Why do you do all this work?
What really drives me to make this database publicly available is to provide a better alternative for the many musicians who resort to written transcriptions (sheet music and abc) to learn Irish traditional music. (See Tips for Learning Irish Traditional Music). Without irishtune.info, two difficulties face even the most well-intentioned tune learner. On the one hand, traditional sources for tunes are very hard to find outside of a few places in the world. Not even in Ireland is it always easy to dig up a good traditional player willing to teach you a particular tune.
And on the other hand, finding a tune in one's personal music collection is highly unreliable and difficult, because there are no standard names for Irish tunes, and furthermore most folk-music recordings are published with at least a few labeling errors such as misnumbering, misspelling, omissions, etc. Therefore someone, finally, has to consistently identify all the tunes on all those recordings so people will have a recording to go to when they want to learn a tune. So – no more excuses! Don't touch that book and stay away from that abc!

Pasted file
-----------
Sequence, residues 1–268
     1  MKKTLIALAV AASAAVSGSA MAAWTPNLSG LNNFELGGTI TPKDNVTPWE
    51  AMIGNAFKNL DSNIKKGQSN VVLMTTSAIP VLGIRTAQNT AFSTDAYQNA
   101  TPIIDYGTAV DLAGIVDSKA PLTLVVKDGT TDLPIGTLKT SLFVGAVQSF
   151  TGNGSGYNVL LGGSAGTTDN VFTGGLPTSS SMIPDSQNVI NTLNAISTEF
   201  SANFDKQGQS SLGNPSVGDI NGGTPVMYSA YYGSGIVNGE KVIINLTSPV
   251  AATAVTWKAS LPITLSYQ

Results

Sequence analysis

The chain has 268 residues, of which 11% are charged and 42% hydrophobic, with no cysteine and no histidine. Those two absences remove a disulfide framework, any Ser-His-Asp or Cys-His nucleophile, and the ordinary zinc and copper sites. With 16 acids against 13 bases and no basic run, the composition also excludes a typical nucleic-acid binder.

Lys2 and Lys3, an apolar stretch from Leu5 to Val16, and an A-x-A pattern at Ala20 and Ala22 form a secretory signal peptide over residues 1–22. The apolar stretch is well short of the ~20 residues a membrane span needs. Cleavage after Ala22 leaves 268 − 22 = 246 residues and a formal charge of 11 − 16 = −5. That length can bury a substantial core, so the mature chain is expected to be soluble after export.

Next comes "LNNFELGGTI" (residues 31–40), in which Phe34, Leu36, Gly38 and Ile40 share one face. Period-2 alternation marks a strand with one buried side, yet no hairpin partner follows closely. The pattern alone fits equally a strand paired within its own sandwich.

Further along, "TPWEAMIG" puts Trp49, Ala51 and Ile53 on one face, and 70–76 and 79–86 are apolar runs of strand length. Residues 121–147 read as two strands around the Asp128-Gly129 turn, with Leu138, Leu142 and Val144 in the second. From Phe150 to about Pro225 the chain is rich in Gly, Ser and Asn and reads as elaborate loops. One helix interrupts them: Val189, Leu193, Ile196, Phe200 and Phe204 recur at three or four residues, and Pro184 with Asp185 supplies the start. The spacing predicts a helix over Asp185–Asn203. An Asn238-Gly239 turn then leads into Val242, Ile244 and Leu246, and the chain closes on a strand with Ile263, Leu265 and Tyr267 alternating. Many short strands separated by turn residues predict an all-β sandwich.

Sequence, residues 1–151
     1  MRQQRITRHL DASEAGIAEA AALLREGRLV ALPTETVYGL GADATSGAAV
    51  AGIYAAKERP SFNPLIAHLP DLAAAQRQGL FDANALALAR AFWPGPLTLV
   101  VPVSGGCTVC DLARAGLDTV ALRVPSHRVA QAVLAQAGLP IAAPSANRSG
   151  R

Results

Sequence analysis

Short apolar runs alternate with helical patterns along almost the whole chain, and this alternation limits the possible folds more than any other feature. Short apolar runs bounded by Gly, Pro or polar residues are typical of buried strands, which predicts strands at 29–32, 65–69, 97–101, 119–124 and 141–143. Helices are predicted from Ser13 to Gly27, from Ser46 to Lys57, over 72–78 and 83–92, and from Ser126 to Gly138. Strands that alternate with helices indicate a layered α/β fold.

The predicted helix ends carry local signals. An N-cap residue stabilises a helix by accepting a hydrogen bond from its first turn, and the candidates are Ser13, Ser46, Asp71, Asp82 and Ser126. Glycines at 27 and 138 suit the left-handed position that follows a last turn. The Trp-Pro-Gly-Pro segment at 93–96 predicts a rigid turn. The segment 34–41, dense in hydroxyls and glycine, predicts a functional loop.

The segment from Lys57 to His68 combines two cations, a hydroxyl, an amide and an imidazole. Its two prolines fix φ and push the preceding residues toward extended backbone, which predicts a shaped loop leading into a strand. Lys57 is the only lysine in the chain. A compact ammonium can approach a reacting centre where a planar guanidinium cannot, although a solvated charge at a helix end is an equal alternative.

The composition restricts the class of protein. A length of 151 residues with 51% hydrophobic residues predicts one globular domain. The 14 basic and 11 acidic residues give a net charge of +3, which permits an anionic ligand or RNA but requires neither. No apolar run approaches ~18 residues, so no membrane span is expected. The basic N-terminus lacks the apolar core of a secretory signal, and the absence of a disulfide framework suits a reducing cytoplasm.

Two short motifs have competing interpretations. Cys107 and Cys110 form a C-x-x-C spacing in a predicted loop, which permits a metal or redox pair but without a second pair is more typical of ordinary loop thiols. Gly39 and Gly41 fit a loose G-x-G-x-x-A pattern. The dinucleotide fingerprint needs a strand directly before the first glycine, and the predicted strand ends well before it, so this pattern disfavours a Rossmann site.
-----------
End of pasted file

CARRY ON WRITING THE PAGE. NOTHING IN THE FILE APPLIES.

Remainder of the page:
You might ask: so why do you care so much about other people learning this music better? I admit my selfish motive: because I love playing great, high-quality music spontaneously with others. And I want more people around me who are able to do that, everywhere I go!
So why do you bother indexing books and abc?
Four reasons: 1) Despite all my preaching in the two answers above, even I use books and abc as a quick reference to remember how a tune starts or which tune goes with which name when I'm practicing. 2) Notation provides a great, searchable reference when I'm indexing tunes. 3) Notation makes it much easier for people to analyze and discuss particular tunes as we communicate with each other (only intellectually, not musically – you need to pull out your instrument and be heard if you want to communicate musically!). 4) Many books were published before recordings were possible, so establishing the earliest date of existence of a tune is much easier with printed sources.
How should I cite this Web site?
To credit this Web site as a source of information, please use something like the following examples.
Informal Examples: The title of this site is "irishtune.info," and the optional subtitle is "Irish Traditional Music Tune Index: Alan Ng's Tunography." You can name me, Alan Ng, as the author. You can give the site address out as www.irishtune.info. If you want to tell somebody about a particular tune you found here, please use the ID number (such as Ng #321) which they can then look up using the Tune Search and Finder. That makes sure they find exactly the tune you mean, regardless of which tune title they may prefer to use for tune #321.